In step 214, fly-height simulation program 200 initiates a scan of sample 140 based on the defined uniform plane (step 212). Fly-height simulation program 200 utilizes the uniform plane with the calculated data values to provide the scan profile that guides probe 114 over sample 140 (i.e., probe 114 maintains a fixed position by setting an actual fly-height) for the raster scan (e.g., second raster scan). As depicted in FIG. 3, fly-height simulation image 300 (e.g., fly-height image 117), the path of probe 114 follows uniform plane 302 (i.e., fixed actual fly-height in which the actual distance varies) above sample 140. Sample 140 includes wafer or wafer substrate (e.g., substrate 304), undercoat layer (e.g., UC 306), shield 1 layer (e.g., S1 308), scratch 310, magnetoresistive sensor (e.g., MR 312), shield 2 layer (e.g., S2 314), overcoat layer (OC 316), and wafer or wafer substrate closure (e.g., closure 318). Substrate 304 and closure 318 are at the same height level within sample 140, which additionally corresponds to reference features (e.g., reference feature 320) identifying the peak height within sample 140. UC 306 and OC 316 are at the same height level within sample 140. S1 308, scratch 310, and S2 314 are the same height level within sample 140. However, the area encompassed by scratch 310 should be at the same height level as MR 312 within sample 140. As fly-height simulation program 200 raster scans sample 140, with the fixed fly-height in the uniform plane, the scan lines combine to create the three dimensional representation of sample 140 as fly-height simulation image 300. Fly-height simulation program 200 measures forces (e.g., magnetic, electrical, thermal, etc.) received by probe 114, thereby simulating the interactions of a read/write head with sample 140. Fly-height simulation program 200 records the forces, (e.g., increases and decreases) in the amplitude. Fly-height simulation program 200 identifies decreases in the amplitude as signal loss (e.g., data loss) which corresponds with scratch 310.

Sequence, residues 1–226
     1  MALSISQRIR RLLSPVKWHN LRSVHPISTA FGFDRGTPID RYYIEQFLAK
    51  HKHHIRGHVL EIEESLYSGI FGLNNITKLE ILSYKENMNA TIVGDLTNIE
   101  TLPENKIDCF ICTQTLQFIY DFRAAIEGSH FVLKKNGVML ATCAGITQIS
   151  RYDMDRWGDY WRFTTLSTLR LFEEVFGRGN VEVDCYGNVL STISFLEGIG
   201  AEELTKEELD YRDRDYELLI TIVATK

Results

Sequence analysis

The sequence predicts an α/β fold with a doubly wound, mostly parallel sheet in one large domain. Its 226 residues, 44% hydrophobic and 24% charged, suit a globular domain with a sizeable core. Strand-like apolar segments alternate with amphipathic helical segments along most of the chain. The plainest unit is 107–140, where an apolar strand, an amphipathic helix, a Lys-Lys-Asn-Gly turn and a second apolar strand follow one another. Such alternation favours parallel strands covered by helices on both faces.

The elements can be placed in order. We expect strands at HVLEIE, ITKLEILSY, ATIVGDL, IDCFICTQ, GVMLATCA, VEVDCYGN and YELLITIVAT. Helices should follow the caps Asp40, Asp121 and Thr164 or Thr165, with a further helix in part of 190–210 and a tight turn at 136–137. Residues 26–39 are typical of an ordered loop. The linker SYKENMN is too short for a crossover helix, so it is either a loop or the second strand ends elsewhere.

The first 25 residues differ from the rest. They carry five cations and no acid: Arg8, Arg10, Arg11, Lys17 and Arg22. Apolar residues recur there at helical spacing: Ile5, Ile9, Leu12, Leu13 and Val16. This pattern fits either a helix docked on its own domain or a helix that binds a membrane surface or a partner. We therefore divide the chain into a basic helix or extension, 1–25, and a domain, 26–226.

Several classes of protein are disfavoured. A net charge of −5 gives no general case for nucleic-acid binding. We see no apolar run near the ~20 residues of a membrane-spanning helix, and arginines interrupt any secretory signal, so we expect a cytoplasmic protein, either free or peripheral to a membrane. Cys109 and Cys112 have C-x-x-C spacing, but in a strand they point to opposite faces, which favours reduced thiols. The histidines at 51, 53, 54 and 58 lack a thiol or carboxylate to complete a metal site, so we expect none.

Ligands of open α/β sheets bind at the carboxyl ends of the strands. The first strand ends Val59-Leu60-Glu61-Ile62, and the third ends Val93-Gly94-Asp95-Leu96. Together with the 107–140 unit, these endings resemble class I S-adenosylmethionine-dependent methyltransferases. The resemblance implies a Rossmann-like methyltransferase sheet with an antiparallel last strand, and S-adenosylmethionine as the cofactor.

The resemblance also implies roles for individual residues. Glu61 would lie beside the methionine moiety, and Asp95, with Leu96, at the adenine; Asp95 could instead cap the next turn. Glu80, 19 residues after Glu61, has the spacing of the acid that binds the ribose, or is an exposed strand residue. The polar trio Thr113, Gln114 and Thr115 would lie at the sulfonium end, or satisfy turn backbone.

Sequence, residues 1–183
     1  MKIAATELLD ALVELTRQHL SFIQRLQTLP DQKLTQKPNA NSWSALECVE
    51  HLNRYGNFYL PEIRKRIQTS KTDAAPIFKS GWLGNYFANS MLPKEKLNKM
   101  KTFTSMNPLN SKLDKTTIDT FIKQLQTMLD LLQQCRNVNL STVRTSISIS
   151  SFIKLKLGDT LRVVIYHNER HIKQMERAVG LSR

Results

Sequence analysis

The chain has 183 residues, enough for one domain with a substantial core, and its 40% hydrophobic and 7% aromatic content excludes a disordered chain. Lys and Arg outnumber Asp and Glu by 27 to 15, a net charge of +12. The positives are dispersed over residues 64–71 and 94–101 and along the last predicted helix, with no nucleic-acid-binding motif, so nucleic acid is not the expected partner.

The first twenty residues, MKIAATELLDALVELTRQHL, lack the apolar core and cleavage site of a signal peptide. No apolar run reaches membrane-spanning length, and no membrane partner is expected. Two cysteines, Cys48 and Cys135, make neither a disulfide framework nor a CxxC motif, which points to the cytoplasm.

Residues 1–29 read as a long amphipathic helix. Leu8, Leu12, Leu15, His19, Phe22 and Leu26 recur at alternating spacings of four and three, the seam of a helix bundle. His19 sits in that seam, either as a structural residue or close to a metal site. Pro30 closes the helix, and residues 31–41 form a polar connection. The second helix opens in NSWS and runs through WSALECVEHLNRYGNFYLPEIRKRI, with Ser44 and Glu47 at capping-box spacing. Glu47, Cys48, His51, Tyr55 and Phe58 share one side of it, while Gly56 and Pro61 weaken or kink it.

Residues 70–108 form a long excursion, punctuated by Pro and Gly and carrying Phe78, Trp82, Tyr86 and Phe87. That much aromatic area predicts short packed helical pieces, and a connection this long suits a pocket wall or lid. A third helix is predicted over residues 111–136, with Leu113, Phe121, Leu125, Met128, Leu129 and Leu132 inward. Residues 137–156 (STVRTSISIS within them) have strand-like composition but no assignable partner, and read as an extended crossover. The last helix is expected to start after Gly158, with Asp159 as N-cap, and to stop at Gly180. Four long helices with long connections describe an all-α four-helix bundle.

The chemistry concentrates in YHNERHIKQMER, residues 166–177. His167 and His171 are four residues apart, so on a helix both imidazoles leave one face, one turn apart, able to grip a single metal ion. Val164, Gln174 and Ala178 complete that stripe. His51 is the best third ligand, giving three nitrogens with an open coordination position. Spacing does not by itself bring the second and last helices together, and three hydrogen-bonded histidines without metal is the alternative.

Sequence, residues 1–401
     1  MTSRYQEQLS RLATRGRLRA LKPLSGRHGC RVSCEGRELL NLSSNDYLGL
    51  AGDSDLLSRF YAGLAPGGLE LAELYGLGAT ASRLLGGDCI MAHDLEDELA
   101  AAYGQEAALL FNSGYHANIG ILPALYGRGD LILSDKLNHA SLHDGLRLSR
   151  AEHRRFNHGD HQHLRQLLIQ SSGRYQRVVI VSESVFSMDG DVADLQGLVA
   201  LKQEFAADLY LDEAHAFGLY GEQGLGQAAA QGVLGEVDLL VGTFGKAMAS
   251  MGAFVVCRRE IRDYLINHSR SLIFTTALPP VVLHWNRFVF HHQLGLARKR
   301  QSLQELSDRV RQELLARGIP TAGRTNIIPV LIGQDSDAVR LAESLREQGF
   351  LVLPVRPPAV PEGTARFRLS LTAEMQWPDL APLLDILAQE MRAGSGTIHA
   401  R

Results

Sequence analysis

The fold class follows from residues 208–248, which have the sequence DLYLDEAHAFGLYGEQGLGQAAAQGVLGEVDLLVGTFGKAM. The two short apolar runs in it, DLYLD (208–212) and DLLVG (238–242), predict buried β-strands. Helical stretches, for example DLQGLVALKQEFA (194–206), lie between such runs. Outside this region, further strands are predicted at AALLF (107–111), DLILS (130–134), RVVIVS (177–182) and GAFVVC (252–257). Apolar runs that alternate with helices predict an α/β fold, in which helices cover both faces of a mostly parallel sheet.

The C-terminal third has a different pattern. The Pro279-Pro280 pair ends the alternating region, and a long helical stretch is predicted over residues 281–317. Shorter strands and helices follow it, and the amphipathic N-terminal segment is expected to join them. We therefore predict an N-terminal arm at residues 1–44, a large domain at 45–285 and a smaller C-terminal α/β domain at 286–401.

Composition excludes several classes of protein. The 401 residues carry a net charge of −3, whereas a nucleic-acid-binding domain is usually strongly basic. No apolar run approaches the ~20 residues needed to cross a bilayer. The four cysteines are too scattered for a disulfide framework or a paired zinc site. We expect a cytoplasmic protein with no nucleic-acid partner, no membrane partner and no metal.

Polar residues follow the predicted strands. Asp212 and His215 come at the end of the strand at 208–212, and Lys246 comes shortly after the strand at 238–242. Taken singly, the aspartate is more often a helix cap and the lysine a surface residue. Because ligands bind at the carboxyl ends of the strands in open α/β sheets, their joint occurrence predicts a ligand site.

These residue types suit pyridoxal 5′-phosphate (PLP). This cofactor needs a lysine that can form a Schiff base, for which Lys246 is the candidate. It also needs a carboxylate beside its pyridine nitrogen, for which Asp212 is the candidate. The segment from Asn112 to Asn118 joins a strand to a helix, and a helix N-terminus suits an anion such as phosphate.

Fly-height simulation program 200 additionally creates fly-height interaction results 118 based on the received forces from the scan of sample 140. In one embodiment, fly-height simulation program 200 creates a graph of the forces recorded by probe 114 as depicted in FIG. 4, fly-height interaction results comparison 400. Fly-height interaction results 402 depict the forces measured by probe 114 with respect to sample 140 in an instance in which the fly-height distance is constant (i.e., allows probe 114 to raise and lower, following the contours of sample 140). Fly-height interaction results 404 depicts the forces measure by probe 114 that would actually occur between the read/write head and sample 140 (i.e., probe 114 maintains a fixed position in which the actual distance between probe 114 and sample 140 varies, thus simulating an actual interaction of the read/write head and sample 140). In another embodiment, fly-height simulation program 200 creates a file that includes the data points and recorded force values (e.g., raw data) for viewing and/or graphing.